- Procedure rooms vary in size, with more complex procedures requiring greater space for more specialized equipment and, in some cases, additional staff.
- Before starting an endoscopic procedure, the patient, staff, and performing physician should verify the correct patient and procedure to be performed.
- A specific infection prevention plan must be implemented and directed by a qualified person.
- Gloves and an impervious gown should be worn by staff engaged in direct patient care during the procedure.
- The unit should have a terminal cleansing plan that includes methods and chemical agents for cleansing and disinfecting the procedural space at the end of the day.
- For patients undergoing routine endoscopy under moderate sedation, a single nurse is required in the room in addition to the performing physician.
- Complex procedures may require additional staff for efficiency but not necessarily for safety.
- At a minimum, patient monitoring should be performed before the procedure, after administration of sedatives, at regular intervals during the procedure, during initial recovery, and before discharge.
- For cases in which moderate sedation is the target, the individual responsible for patient monitoring may perform brief interruptible tasks.
- For cases in which moderate sedation is the target, there are currently inadequate data to support the routine use of capnography.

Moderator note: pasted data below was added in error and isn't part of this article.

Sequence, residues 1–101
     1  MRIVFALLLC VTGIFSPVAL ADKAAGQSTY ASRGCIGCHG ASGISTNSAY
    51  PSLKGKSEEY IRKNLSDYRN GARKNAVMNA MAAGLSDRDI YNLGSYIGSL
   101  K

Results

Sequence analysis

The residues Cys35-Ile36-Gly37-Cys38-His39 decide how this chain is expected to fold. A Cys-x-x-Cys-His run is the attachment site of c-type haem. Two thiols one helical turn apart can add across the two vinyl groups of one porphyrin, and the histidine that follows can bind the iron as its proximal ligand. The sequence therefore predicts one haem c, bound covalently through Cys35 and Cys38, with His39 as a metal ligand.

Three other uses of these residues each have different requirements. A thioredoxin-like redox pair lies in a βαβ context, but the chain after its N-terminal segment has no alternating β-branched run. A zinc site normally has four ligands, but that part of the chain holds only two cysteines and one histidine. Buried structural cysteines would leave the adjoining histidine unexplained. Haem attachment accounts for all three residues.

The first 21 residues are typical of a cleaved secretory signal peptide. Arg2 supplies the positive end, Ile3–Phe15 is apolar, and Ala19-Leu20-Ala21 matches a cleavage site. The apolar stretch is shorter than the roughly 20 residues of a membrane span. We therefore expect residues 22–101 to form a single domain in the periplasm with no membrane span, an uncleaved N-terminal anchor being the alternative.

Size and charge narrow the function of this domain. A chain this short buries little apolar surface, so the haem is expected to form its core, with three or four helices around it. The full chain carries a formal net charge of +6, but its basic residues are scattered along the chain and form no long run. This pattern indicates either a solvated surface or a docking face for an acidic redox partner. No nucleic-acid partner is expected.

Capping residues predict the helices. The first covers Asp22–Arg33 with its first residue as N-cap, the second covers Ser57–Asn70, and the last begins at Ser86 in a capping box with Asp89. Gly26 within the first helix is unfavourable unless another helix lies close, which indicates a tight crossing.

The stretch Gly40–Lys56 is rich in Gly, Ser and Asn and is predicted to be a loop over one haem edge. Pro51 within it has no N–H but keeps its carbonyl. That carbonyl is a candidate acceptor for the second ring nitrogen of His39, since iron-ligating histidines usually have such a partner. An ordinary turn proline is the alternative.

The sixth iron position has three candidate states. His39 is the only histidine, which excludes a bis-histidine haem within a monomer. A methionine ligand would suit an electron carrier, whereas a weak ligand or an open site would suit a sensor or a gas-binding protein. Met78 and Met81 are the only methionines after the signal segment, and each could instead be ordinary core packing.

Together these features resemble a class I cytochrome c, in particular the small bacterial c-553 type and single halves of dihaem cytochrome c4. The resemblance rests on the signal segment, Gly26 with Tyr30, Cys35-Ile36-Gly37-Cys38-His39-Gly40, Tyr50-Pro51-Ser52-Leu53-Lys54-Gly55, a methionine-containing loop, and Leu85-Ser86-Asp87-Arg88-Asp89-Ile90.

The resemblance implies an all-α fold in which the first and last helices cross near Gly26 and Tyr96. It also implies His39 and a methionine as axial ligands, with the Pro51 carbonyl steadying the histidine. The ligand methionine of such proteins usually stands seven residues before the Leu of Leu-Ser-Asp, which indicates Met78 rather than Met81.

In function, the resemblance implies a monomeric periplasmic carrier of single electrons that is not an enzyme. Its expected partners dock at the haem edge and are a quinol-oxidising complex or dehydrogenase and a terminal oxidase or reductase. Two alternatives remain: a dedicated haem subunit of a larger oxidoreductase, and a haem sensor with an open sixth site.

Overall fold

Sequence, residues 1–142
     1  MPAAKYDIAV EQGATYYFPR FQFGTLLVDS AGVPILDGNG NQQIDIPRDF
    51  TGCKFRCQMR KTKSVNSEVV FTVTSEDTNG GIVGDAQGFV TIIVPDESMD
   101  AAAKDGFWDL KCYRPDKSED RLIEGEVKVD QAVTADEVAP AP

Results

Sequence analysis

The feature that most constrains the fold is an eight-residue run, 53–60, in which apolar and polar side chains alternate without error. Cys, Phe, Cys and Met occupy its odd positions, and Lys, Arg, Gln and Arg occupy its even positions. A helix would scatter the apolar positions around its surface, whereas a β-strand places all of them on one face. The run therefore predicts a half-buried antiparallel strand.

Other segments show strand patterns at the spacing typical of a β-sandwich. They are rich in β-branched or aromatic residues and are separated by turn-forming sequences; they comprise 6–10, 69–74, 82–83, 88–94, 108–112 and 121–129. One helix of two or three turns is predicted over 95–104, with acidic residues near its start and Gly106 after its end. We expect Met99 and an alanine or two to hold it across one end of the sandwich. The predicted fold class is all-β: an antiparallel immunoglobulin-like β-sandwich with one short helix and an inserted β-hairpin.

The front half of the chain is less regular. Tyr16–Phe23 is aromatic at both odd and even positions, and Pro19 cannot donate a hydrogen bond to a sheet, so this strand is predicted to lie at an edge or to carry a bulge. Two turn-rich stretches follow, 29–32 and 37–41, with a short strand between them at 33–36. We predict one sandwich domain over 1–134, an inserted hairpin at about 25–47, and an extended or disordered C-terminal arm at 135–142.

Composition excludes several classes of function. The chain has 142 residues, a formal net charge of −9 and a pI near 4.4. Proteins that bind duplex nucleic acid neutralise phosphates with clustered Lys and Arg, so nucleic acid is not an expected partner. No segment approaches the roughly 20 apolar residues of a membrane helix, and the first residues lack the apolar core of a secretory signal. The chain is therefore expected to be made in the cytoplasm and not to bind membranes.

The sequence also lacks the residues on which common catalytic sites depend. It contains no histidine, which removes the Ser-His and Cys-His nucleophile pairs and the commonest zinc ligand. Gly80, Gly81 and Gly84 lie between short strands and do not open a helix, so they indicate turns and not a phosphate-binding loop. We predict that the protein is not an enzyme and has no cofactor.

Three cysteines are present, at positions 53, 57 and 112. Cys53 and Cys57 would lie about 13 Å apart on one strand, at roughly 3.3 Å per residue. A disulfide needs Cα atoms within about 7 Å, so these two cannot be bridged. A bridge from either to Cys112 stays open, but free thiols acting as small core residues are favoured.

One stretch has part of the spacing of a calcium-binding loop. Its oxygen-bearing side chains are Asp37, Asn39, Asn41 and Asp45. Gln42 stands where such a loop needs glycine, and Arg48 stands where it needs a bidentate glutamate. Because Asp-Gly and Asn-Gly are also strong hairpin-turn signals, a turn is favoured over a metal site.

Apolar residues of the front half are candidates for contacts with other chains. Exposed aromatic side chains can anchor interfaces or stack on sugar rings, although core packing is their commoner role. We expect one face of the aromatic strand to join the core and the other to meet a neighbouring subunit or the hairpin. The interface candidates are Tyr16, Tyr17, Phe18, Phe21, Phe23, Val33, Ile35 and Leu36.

To read all of the guideline recommendations, see GIE: Gastrointestinal Endoscopy online at http://www.giejournal.org.
The guideline was developed by the ASGE Ensuring Safety in the Gastrointestinal Endoscopy Unit Task Force, co-chaired by Audrey H. Calderwood, MD, and Frank J. Chapman, MBA, and was reviewed and approved by the ASGE Governing Board. The guideline was reviewed and endorsed by the American Association for the Study of Liver Diseases, American College of Gastroenterology, American Gastroenterological Association Institute, Ambulatory Surgery Center Association, American Society of Colon and Rectal Surgeons, and Society of American Gastrointestinal and Endoscopic Surgeons.
About the American Society for Gastrointestinal Endoscopy
Since its founding in 1941, the American Society for Gastrointestinal Endoscopy (ASGE) has been dedicated to advancing patient care and digestive health by promoting excellence and innovation in gastrointestinal endoscopy. ASGE, with more than 12,000 members worldwide, promotes the highest standards for endoscopic training and practice, fosters endoscopic research, recognizes distinguished contributions to endoscopy, and is the foremost resource for endoscopic education. Visit http://www.asge.org and http://www.screen4coloncancer.org for more information and to find a qualified doctor in your area.
Endoscopy is performed by specially-trained physicians called endoscopists using the most current technology to diagnose and treat diseases of the gastrointestinal tract. Using flexible, thin tubes called endoscopes, endoscopists are able to access the human digestive tract without incisions via natural orifices. Endoscopes are designed with high-intensity lighting and fitted with precision devices that allow viewing and treatment of the gastrointestinal system.